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My parents and my early childhood


Carl Djerassi Scientist
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I, the scientist,
Who read these words
And snort
Without aplomb.
Is any scientist
Especially to poets?
Is aplomb
Ever nice
To the spectator
Hiding envy?
Poet – don't you know
There's as few scientists
With aplomb
As there are poets?

So that was the first one. But here comes to what I now call my wife... I've called my wife since that time, and that's the only... I use it the same way as when she calls me 'Chemist'. If she... if I call her Diane then she would be startled and think I have some mean agenda on the mind. And that is from the shortest poem that Wallace Stevens has ever written. It's called To the Roaring Wind and the entire poem Wallace Stevens says:

What syllable are you seeking,
In the distances of sleep?
Speak it.

That's it. So my poem is called Vocalissima instead of Vocalissimus:

Vocalissimus Stevens!
Or is it Wallace Vocalissimus?
What familiarity do you permit?

You wrote about women:
Sweet smelling virgins; trembling ladies;
Peached and ivory wenches;
    beautiful bareness in sinewy nakedness;

You called them:
Liebchen, mon bijou, mon extase;
Even a pearly poetess.

You named them:
Carlotta, Eulalia and Flora;
Mariana, Bawda and Susanna;
Bonnie and Vincentine (lean, heavenly Vincentine).

More formally:
Mrs Anderson, Mrs Dooley, Mrs Papadopoulos.
Was there a Vocalissima?

I knew one:
After your death, she lived with you
Three long years. In 1095 days
She learned by heart each word you wrote.
She knew your rose rabbi,
Your dark rabbi,
Your doctor of Geneva,
Even your uncle with a monocle.

... these are all titles of Wallace Stevens poems, and then I wrote in French...

  (Monsieur excusez la traduction anglaise,
   Mais elle ne parle pas comme une Française.)

In time she collected some men,
Then many,
Then one: a modern alchemist.
But he,
Master of chemical mutations;
Whose alchemy touched millions,
Could not transform her,
Nor transform himself.
Vocalissima! Speak it!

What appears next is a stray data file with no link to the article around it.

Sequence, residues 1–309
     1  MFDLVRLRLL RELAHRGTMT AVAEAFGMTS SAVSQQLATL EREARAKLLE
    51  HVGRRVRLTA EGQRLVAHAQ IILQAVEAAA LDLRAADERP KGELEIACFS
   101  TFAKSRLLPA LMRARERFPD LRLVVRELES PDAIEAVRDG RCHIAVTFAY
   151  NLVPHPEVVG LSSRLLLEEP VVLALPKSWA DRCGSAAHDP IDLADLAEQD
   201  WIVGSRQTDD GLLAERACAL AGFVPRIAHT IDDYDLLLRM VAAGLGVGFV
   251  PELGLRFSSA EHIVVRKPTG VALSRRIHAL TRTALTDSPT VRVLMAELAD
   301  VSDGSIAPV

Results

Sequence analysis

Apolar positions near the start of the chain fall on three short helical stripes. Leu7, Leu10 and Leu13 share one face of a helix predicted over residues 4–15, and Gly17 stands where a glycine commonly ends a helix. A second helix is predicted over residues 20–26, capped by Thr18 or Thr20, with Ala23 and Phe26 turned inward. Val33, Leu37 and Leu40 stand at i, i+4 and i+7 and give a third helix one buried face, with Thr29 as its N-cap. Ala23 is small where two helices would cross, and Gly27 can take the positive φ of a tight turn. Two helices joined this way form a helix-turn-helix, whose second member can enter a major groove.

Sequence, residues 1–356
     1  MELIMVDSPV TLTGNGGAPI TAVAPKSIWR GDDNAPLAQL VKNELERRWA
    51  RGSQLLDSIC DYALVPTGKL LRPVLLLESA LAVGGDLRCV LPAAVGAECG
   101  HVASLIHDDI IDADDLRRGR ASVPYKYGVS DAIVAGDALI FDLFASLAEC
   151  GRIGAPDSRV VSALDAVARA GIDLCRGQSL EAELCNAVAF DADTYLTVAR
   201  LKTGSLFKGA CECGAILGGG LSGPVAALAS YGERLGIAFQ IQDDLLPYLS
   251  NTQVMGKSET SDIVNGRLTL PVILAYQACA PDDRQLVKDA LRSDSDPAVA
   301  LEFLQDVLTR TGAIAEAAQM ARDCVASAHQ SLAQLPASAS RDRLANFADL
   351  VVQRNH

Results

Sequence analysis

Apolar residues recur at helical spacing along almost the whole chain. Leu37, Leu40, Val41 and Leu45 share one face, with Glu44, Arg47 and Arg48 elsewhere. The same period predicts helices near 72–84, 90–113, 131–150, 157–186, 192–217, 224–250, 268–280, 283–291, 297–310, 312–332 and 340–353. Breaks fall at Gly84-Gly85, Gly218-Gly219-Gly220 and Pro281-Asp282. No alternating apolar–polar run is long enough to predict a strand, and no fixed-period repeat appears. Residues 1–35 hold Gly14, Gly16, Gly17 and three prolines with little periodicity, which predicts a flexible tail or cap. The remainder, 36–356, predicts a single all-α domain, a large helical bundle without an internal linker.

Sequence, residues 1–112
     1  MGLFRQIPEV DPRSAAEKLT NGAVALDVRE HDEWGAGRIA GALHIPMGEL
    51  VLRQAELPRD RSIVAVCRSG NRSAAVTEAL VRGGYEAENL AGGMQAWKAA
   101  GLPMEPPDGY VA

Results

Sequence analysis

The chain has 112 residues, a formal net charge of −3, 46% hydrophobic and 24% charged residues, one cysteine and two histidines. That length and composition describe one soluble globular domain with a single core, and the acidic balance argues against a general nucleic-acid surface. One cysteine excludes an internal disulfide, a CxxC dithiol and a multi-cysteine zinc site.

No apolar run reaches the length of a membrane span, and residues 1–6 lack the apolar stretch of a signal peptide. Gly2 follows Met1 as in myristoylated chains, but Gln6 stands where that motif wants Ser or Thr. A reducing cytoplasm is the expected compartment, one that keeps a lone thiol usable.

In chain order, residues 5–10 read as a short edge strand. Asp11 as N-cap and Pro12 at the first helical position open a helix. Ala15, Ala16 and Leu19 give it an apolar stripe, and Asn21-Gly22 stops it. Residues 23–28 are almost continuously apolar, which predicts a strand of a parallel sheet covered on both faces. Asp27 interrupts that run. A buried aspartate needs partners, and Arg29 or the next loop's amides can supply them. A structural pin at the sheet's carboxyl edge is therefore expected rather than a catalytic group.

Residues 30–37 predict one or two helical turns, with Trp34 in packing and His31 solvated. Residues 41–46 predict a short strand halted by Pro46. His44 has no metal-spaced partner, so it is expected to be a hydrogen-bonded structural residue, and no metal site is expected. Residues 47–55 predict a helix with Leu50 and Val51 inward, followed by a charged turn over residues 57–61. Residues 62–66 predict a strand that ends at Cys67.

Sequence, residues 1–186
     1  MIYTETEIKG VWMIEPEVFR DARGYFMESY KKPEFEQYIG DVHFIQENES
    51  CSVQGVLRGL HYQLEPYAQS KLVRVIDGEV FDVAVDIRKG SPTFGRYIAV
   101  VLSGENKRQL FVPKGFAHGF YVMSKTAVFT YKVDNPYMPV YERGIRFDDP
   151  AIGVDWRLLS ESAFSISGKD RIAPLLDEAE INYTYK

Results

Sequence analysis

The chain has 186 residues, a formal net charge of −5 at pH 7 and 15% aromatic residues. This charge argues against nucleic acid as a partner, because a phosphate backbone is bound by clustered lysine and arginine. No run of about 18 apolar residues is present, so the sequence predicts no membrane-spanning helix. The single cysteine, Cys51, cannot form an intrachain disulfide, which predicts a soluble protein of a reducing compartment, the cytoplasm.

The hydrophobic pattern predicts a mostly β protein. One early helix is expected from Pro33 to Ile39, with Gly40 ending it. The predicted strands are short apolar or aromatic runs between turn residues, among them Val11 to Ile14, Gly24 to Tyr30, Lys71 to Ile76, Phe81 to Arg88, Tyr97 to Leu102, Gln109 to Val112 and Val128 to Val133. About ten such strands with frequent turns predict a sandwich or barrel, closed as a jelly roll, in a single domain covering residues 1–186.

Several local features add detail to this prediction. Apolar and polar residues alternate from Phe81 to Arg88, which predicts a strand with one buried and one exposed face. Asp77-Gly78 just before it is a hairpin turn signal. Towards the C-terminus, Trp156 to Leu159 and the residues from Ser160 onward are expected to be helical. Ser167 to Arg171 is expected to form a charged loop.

How does a modern alchemist
Transmute himself
into a Vocalissimus?

Well, that was during the revenge phase but ever since then I call her 'Vocalissima'. And that is... so that's certainly how I got my... my wounds and emotional hurt, particularly revenge out of my mind. And the interesting part is revenge is a motive that occurs in many of my plays and novels as an example, because I use it again autobiographically, as an example of... It's probably the most powerful motive we have, and also a very bad one. And, again, that juxtaposition of poison and nourishment, or poison and stimulus.  It stimulates to do things which you might not either want or even be able to do under ordinary circumstances. At the same time, it's bad and it... it affects you negatively in many, many different ways. So that was just another example of it.

Austrian-American Carl Djerassi (1923-2015) was best known for his work on the synthesis of the steroid cortisone and then of a progesterone derivative that was the basis of the first contraceptive pill. He wrote a number of books, plays and poems, in the process inventing a new genre, 'science-in-fiction', illustrated by the novel 'Cantor's Dilemma' which explores ethics in science.

Listeners: Tamara Tracz

Tamara Tracz is a writer and filmmaker based in London.

Tags: To the Roaring Wind, Vocalissima, Vocalissimus, Wallace Stevens, Diane Helen Wood Middlebrook

Duration: 3 minutes, 54 seconds

Date story recorded: September 2005

Date story went live: 24 January 2008